How it could happen

As to how it could happen - that's basically impossible with current knowledge of physics.

One possible "plausible if you don't poke too closely" explanation is something like the reverse of Ice-nine. Ice nine is a (fictional) polymorph of water that melts at 42 degrees Celsius rather than at 0 degrees. In contact with water it acts as a seed crystal and converts all the rest of the water into also being Ice-nine, causing it to instantly freeze.

You could hypothesize something similar here. A comet containing some special polymorph of water goes past and we go through its tail. Some of the water polymorph reaches the ground scattered all over the globe and immediately starts a chain reaction converting all other water it finds into the same less stable form as itself that only melts at -40 degrees.

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  • $\begingroup$ I suppose you wouldn't want to be catching falling ice-nine flakes on your tongue! $\endgroup$ – user2338816 Oct 11 '14 at 6:59
  • $\begingroup$ @user2338816 Yep, that would be lethal. $\endgroup$ – Tim B Oct 11 '14 at 15:26
  • $\begingroup$ @TimB - I can see the immidiate affect being a dramatic cooling event at the poles, which should greatly lower pressure bringing about 2 massive lows on either end of the globe. I'll have to go lookup if there are any previous examples of this in our recorded weather history, but it should result in a pretty massive storm at each pole...I might have to lookup what happened when the Icelandic low was at it's most massive. $\endgroup$ – Twelfth Oct 15 '14 at 18:07
  • $\begingroup$ Alas, I would have liked to write the polymorph answer. The thing is, every polymorph of water would show this reaction of converting normal water on contact. For the interested reader: During the 1970s polywater was a suggested polymorph of water which builds in capillaries with a much lower freezing point and a much higher boiling point. The story has one obvious flaw: While a new polymorph of water may even spontanously form, the effect will transform the Earth to a lifeless planet, so climate change is the least of the problems. $\endgroup$ – Thorsten S. Aug 11 '17 at 10:09
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As others noted, there's no real physical effect that does this. However let's look at how a fictional effect might work.

Water can be supercooled to quite low temperatures, that means, there does exist a liquid state of water; indeed that liquid state still exists at -40°C. That supercooled state is, however, very unstable, that is, the water will freeze with the slightest disturbance.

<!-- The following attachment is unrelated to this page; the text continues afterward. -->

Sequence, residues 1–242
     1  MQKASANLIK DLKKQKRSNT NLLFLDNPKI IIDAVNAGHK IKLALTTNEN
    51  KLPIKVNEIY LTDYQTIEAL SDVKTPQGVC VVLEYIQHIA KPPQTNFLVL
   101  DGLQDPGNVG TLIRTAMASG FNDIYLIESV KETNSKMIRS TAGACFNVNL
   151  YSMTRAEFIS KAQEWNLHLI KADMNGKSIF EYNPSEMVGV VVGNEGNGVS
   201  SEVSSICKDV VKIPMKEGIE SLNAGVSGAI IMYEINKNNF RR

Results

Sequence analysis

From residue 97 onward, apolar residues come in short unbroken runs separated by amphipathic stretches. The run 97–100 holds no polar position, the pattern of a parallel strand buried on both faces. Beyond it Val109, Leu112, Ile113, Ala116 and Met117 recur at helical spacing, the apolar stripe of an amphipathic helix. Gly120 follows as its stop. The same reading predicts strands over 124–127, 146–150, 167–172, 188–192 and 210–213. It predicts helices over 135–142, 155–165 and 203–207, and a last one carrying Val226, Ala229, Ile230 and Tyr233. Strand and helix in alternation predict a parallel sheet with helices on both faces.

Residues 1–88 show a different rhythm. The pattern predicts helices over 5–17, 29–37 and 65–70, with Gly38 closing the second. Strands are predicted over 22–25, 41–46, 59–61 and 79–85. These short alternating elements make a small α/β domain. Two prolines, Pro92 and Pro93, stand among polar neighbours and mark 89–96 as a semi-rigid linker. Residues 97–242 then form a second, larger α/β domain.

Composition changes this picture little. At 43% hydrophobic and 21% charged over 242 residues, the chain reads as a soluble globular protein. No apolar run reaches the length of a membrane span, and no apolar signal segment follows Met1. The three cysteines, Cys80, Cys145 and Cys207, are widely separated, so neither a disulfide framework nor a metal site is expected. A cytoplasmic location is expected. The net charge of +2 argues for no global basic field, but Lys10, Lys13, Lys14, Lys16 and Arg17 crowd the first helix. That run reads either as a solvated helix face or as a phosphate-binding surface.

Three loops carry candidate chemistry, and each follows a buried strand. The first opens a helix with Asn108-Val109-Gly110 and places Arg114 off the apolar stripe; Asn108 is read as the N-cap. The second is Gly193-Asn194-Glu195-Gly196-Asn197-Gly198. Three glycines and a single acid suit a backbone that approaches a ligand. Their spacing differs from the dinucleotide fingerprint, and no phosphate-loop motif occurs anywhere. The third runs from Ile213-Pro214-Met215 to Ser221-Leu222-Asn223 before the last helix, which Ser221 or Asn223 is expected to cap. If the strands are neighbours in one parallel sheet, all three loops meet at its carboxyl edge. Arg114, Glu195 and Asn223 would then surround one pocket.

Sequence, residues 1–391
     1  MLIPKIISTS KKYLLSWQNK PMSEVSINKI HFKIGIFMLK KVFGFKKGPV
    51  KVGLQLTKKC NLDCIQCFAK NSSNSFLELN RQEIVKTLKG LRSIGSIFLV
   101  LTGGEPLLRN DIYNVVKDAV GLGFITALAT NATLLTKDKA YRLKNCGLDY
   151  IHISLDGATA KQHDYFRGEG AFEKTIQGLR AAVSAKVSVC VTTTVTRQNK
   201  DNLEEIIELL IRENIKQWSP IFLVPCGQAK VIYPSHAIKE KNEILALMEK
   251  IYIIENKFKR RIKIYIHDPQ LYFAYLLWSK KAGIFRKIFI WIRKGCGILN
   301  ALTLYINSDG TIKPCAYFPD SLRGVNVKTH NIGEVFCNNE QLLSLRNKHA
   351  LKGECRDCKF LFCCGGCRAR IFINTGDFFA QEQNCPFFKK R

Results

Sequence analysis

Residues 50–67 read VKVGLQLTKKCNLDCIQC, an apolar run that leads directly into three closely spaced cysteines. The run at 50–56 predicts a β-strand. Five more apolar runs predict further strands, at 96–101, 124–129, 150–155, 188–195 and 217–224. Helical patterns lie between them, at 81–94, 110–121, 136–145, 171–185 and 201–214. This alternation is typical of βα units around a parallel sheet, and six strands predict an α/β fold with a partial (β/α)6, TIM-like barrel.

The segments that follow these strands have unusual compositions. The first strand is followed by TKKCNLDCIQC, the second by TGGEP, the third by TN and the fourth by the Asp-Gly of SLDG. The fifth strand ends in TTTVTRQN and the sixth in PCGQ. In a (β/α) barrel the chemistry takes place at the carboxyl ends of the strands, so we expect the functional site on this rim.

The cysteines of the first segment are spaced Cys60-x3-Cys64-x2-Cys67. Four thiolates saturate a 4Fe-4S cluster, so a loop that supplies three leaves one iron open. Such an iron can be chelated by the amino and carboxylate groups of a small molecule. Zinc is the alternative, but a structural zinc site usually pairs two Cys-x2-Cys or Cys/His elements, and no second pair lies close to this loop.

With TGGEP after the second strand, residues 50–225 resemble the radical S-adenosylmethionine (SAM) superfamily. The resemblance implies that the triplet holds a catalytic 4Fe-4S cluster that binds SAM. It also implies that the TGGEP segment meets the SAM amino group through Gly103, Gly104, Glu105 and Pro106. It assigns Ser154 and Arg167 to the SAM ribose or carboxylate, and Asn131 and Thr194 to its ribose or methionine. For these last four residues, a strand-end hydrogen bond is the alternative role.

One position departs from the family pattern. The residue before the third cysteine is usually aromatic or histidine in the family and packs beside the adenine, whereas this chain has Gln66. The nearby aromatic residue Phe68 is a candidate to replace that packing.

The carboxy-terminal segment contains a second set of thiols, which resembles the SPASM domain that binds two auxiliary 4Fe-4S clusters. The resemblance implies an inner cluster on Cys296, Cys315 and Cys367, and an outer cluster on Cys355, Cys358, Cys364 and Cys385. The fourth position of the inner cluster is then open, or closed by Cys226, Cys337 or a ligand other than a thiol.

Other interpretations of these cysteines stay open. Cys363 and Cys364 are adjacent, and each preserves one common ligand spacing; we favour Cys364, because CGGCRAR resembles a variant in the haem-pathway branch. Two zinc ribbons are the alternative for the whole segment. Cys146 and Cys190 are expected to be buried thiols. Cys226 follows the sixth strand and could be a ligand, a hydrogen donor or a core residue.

So a fictional cause for the desired effect would have to make the supercooled water state the preferable state at that temperature, that is, reduce the energy of that state, or increase the energy of the ice state.

The trick to do this should be the weakening of the hydrogen bonds, which are responsible for the water anomalies (including the high melting point).

However to do that, you'd need to leave the field of hard science.

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  • $\begingroup$ The melting point is per definition the point where the preferable state switches from solid to liquid. So if the supercooled state is the preferable state at some temperature, this temperature is per definition above the boiling point. Also said supercooled state is not supercooled anymore but a regular liquid state, as a supercooled liquid is per definition a liquid at a temperature below the melting point. So, you are de facto proposing to lower the melting temperature of water, which is where we started. $\endgroup$ – Wrzlprmft Oct 11 '14 at 21:31
  • $\begingroup$ Moreover, supercooled liquids do not freeze, because they require a cristallisation seed for this. One very good cristallisation seed is ice. $\endgroup$ – Wrzlprmft Oct 11 '14 at 21:32
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The equations for the energy needed to melt ice assume that we must raise the temperature of ice above the melting point. You are proposing to lower the melting point below the current temperature of the ice. It therefore already has the energy it needs to melt. So the glaciers and all but the coldest part of the poles will turn to water, not instantly but fairly quickly.

Short-term effects will be sea level rise, massive flooding anywhere downstream of mountains with glaciers (search for "Calgary 2013 floods" for an example) and an upheaval of nearly every important ocean process.

How you could do it without also making major changes to the earth like removing the atmosphere (which would disrupt the experiment) will require a change to some fundamental laws of nature. Your idea of deuterium won't work - the physical properties of deuterium are close enough that you can drink heavy water for a week with no ill effects (2 weeks is a problem). You're going to need the assistance of an omnipotent deity for this. One with a mischievous streak - Q immediately comes to mind.

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  • $\begingroup$ Which he will have unless the melting point is lowered to the ice temperature. -20 ice, -40 melting point. SHould be enough latent thermal energy sitting there. $\endgroup$ – paul Oct 11 '14 at 13:16
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I know this is old, but it's surprising no one mentioned salt saturation. Water containing the maximum soluble amount of NaCl freezes at -21 C.The maximum salinity that can be dissolved is 27%.

The oceans are around 3.5% salt. The dead sea is more salty than this level, at 34% salinity.

By Wilson44691 - Own work, CC BY-SA 3.0, https://commons.wikimedia.org/w/index.php?curid=18790421

So you can get halfway there by using conditions that actually exist on earth.